Select Page

As I started my deep dive into the Virtues, Fortitude immediately caught my attention–specifically, how it is defined.

The word used for fortitude was the greek word, ἀνδρεία (andreía) which means courage, endurance, or manliness, or martial valor. It was translated as fortitudo in Latin from whence we get “fortitude” in English. This is also why this Virtue is sometimes identified as “courage” rather than “fortitude.”

Until Socrates started to question the meaning and application of all virtue, ἀνδρεία was considered a masculine word that could only be applied to men who showed bravery and courage on the battlefield. But Socrates, a veteran himself who was said to have a reputation for fighting bravely, believed that every man and woman showed this level of courage by facing regular and daily adversities. He believed that the same courage that inspired a man to endure on the battlefield was in the poor man who continued to work to provide for his family. He also believed that this virtue of courage and endurance was necessary to keep one enduring in practice with the other Virtues of Temperance, Prudence, and Justice.

This extension of courage to the common man in daily struggle seemed to forever change not only how later philosophers would consider the concept, but even how it was conceptualized and represented in art.

Some of the earliest depictions of Fortitude or Courage that I could find were of figures wearing helmets, wielding swords, or engaged in battle with beasts. This is particularly the case if you specifically search for depictions of the Virtue of Courage rather than that of Fortitude.

Despite their shared origin and hierarchy as the same Virtue, the words “fortitude” and “courage” are not entirely synonymous. Personally, I saw them as two separate concepts and spent some time considering whether or not I preferred to use the word “Courage” rather than “Fortitude” when I spoke of that Virtue.

Then I came across a late 15th century mosaic in the Cathedral of Siena that depicted Fortitude as a woman holding a sword and shield in one hand and a broken marble column in the other. Further searching found that this column was a consistent feature in much of the art of the time representing Fortitude. Sometimes the column is intact, but in many depictions it is broken.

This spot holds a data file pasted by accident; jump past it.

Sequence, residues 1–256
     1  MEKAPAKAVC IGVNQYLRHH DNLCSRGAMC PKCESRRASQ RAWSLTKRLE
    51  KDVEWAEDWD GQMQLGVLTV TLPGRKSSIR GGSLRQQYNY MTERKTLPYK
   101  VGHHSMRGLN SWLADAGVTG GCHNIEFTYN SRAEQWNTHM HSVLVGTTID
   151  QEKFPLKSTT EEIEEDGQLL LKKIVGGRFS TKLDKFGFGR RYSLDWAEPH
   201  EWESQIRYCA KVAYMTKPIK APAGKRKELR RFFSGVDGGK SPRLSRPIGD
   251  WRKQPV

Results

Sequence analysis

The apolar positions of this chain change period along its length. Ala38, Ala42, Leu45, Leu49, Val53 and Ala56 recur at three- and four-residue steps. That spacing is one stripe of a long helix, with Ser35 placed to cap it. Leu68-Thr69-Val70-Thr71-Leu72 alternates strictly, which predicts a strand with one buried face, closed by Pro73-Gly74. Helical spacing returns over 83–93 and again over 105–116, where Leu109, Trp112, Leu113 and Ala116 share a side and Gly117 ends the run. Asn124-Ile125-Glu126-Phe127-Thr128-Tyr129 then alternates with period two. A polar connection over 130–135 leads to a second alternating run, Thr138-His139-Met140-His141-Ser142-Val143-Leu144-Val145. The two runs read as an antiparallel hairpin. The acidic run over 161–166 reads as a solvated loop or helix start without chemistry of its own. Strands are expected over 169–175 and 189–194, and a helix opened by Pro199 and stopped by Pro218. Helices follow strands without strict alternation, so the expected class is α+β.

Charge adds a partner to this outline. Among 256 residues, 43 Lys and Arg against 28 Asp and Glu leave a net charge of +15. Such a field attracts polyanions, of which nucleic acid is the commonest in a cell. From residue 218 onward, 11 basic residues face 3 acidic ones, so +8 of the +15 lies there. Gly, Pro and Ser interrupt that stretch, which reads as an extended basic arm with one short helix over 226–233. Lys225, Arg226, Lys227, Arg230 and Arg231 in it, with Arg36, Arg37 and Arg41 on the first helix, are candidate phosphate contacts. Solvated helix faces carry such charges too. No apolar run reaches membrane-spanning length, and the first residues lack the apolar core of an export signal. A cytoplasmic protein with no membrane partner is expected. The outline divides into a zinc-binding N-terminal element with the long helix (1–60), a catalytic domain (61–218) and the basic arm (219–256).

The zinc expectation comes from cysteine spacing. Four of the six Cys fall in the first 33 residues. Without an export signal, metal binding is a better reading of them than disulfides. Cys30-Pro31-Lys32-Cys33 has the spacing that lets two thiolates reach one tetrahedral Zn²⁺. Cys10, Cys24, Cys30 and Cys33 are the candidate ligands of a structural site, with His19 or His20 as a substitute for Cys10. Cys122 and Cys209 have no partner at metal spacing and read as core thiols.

This broken pillar was meant to represent the final chapter of the story of Samson, the Jewish Nazarite of preternatural strength as told in Judges 13-16 of the Bible.

The Samson of the Bible is portrayed as an arrogant, impulsive man with little respect for vows and less discernment with women–hardly a beacon of ethics one would imagine to be used as a symbol for a moral Virtue. His life and death, quickly summed up in three short chapters, is one in which he uses a supernatural gift of strength to routinely get himself out of trouble he starts with the local oppressors, the Philistines. He is betrayed, loses his strength, is captured by the Philistines, blinded, and put to work as a slave.

The symbols representing his life could be many, but Fortitude does not hold any of them. She holds a broken column–the symbol of his death.

At a party to celebrate his defeat, Samson calls out to God to strengthen him. God gives him strength and he breaks the two central pillars of the temple. The building collapses, killing him and 3,000 Philistines.

Try though I might, I haven’t been able to find the origin of the use of Samson’s death as a symbol for Fortitude. While it might exist and I may stumble upon it one day what follows is my own thoughts on the symbolism.

The Virtues must exist in a balance and are meant to support one another. Too much courage without prudence leads to foolhardiness–too little is cowardice. Courage without justice and temperance is cruelty. And sometimes, the courageous thing to do is to humble yourself, ask for forgiveness, mercy, and help and make a change.

Samson was a man given an extraordinary gift which he used for himself. He never knew defeat until he was betrayed. In that betrayal he lost all that he was along with his eyes, his dignity, and his freedom. He was brought low, but he did not resign himself to the fate of being a sightless slave paraded before his enemies for sport. He humbled himself before God, called out for mercy, and was given the strength to end his torment.

There are many symbols of Courage or Fortitude–lions, helmets, swords, shields, beasts, rods–and I’m not done examining the symbolism of all of them, but the one that resonates the strongest with me will probably always be a broken pillar. It’s not how strong you’ve been or are. It’s not the things you can do with your gifts and talents at your best. Courage is what you do when you are at your lowest. Fortitude is enduring hardship. It’s the determination that you will not die a slave to your enemies–whatever form those may take. It’s the will to act even while you are still weak and afraid. It’s taking your torment–your life–by its foundations, having faith, and making a difference, even if it means you will not win–not for pride or glory, but because it’s right.

That is Fortitude.